Monday, 24 June 2013

A window of opportunity

I drew attention in a post published earlier this evening to the additional material contained in comments added to items posted on this blog, especially those added to posts on the recent amendments to the General Permitted Development Order.

One of the points that has been confirmed in these comments is that THERE IS NO CHARGE for making a prior notification application under the new GPDO amendments (at least not yet). So those authorities that are purporting to charge a fee are exceeding their powers (Richmond LBC and the Royal Borough of Windsor & Maidenhead, for example, who are asking for a fee of £80.00). Apparently Camden LBC have recently sent out an 'application form' demanding a fee of £192.50 for each new residential unit created!

It is true that Paragraph N(2) in the amendment order provides that : “The application shall be accompanied by — ..... [specified items] ...... together with any fee required to be paid”. As matters stand at the moment, the Town and Country Planning (Fees for Applications, Deemed Applications, Requests and Site Visits) (England) Regulations 2012. Regulation 14(1) provides that “Where an application is made to a local planning authority for their determination as to whether the prior approval of the authority will be required in relation to development under Schedule 2 to the General Permitted Development Order (permitted development) a fee shall be paid to that authority of the following amounts — (a) for an application under Parts 6 (agricultural buildings and operations), 7 (forestry buildings and operations) or 31 (demolition of buildings) of that Schedule, £80; (b) for an application under Part 24 of that Schedule (development by electronic communications code operators), £385.

Thus for the time being, NO FEE IS CURRENTLY PAYABLE in respect of applications under Part 3 of the GPDO. So Richmond and Windsor & Maidenhead are wrong to demand £80, and I wonder where Camden got their figure of £192.50 from? (Half the fee payable under Part 24? But how did they work that out?!)

It was clearly intended that a fee would be introduced, and a draft SI has recently been published, in the form of The Town and Country Planning (Fees for Applications, Deemed Applications, Requests and Site Visits) (England) (Amendment) Regulations 2013. This will introduce a flat fee of £80, but this amendment will not come into effect until 1 October 2013. So if you get your application in before 1st October, you don’t have to pay a penny! It seems odd that they didn’t make this amendment to the Fees Regs on 9 May timed to come into effect on 30 May but, for whatever reason, there is another three months within which any number of these prior notification applications can be made entirely free of charge.

Meanwhile, if any LPAs mess about demanding a fee and refusing to ‘validate’ or ‘register’ the application until or unless a fee is paid, they will be at considerable risk of running out of time, and could end up allowing the permitted development to be carried out by default. A canny applicant might just sit back and ignore such demands and simply wait for the time limit to expire, then go ahead with their development!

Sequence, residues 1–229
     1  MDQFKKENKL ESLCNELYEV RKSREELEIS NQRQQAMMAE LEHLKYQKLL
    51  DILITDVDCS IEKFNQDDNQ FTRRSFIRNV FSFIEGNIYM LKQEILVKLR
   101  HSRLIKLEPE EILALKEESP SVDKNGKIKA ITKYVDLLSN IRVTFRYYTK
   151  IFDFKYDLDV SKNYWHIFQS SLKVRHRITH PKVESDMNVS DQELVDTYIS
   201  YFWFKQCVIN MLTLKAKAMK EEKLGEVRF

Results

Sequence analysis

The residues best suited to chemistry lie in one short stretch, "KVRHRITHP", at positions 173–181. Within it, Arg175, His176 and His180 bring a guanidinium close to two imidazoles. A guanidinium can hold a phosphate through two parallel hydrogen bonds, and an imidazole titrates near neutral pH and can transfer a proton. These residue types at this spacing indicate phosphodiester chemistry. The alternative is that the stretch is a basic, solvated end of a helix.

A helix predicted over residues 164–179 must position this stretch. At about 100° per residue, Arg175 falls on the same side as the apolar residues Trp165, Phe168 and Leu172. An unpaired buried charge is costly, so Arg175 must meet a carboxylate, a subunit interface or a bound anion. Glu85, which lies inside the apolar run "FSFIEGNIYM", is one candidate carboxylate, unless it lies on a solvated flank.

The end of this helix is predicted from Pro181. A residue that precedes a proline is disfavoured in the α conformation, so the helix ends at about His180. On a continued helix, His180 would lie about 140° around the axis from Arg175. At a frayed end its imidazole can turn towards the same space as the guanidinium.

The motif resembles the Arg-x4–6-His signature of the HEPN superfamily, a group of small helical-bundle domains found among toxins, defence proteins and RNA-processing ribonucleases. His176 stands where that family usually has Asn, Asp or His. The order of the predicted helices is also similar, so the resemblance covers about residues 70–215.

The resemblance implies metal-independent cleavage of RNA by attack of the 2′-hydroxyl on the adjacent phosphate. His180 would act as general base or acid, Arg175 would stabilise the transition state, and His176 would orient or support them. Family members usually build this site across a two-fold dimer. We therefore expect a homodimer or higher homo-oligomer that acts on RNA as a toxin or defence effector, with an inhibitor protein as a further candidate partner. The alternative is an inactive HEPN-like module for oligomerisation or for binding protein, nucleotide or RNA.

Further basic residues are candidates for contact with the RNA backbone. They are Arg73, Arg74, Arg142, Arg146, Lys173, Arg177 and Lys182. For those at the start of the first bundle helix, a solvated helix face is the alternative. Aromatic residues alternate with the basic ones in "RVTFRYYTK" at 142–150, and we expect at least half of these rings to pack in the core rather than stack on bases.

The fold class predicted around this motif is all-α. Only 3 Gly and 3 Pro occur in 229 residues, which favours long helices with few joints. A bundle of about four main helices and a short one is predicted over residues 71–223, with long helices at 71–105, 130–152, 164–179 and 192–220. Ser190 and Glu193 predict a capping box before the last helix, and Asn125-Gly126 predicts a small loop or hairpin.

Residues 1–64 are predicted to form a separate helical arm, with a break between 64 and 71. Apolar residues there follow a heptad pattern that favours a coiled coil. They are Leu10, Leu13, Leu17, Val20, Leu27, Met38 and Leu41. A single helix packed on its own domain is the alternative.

The other fee changes in the Fee Regs amendment are worth looking at as well. If time allows (unlikely at the moment!) I may blog on these in due course.



  1. The soon to be retired Director of Planning and Cultural Heritage at the Snowdonia National Park Authority told me he thought planning applications should be free.

    I imagine that would make it easier for someone running his own fiefdom to provide a poor service and ultimately say no to those who challenge him.

    But hey, the poor LPAs are in desperate need of your money, pay up!

  2. I have always believed that charging application fees is wrong in principle. Parliament has seen fit to remove a property right to which a citizen would otherwise be entitled without restriction. If it is felt to be in the public interest to restrict this right, then the state (and therefore the taxpayer) should fund the necessary procedures, i.e. the development management system. I am old enough to remember a time when there were no fees payable for any form of planning consent. I could never see the justification for their introduction.

  3. Having read your blog I thought I’d have a look at the fanfare-lite proposed fee amendments.

    A potentially hugely significant provision is the fee refund requirement after 6 months if there’s no decision on an application. Given recent experience with some LPA’s it can be predicted to be side stepped by many through the threat of refusal, pressure for withdrawal, and insistence on items like S.106’s being all but complete on submission of the application.

    The provision for an £80 fee for the new PD prior approval requests clarifies one issue for me about how the new PD procedure would work proposals that also relate to a development with elements that require full planning permission. The unstated clarification (with apologies for stating the obvious!) is that a prior approval request would be procedurally separate from a planning application but, importantly could be dealt with at the same time with the LPA seeking to conflate the two into one big application, as some might. Hence, a change of use from offices to flats that also involves extensions to form flats could be dealt with as a PD application for the flats formed by COU and a planning application for those formed by extensions (along with any alterations for new windows, etc). This will be a difficult concept for some people to get their heads around!